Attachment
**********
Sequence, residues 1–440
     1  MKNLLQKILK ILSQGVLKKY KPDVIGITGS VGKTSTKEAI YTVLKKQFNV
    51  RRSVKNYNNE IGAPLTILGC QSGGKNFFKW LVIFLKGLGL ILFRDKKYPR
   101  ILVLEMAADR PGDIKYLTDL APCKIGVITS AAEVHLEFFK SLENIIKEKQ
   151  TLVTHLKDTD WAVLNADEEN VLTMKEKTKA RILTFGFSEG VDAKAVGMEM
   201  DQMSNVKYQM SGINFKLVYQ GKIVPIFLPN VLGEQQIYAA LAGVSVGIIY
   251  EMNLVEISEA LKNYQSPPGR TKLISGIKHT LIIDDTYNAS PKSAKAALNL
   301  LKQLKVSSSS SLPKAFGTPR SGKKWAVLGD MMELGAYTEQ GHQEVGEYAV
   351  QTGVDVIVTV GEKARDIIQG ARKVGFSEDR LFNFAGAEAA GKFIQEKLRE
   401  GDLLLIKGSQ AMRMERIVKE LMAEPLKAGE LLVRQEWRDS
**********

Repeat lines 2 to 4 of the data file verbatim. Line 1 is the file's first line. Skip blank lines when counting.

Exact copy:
     1  MKNLLQKILK ILSQGVLKKY KPDVIGITGS VGKTSTKEAI YTVLKKQFNV
    51  RRSVKNYNNE IGAPLTILGC QSGGKNFFKW LVIFLKGLGL ILFRDKKYPR
   101  ILVLEMAADR PGDIKYLTDL APCKIGVITS AAEVHLEFFK SLENIIKEKQ